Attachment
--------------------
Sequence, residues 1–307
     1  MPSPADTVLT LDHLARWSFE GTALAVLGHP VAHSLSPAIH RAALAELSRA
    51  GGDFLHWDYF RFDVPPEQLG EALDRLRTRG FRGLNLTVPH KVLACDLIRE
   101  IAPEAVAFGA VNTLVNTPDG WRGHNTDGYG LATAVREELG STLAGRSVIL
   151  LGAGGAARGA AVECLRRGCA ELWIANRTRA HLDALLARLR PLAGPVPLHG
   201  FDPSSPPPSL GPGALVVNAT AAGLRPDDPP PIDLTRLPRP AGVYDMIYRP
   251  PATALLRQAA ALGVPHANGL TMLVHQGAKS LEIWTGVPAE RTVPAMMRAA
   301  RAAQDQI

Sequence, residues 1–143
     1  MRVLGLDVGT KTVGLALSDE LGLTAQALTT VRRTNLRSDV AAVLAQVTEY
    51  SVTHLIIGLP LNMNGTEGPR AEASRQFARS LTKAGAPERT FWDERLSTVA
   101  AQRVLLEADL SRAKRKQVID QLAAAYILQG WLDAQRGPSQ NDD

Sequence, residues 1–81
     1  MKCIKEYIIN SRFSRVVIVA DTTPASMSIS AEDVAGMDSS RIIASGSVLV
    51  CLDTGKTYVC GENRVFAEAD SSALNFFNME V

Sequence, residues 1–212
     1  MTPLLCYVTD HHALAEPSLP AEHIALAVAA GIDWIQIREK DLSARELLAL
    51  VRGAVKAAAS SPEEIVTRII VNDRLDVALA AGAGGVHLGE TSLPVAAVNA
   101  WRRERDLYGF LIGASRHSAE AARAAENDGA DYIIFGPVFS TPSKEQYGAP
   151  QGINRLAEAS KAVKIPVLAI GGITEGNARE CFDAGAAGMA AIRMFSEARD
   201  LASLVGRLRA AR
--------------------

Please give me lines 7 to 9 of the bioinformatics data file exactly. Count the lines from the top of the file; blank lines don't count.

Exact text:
   251  PATALLRQAA ALGVPHANGL TMLVHQGAKS LEIWTGVPAE RTVPAMMRAA
   301  RAAQDQI

Sequence, residues 1–143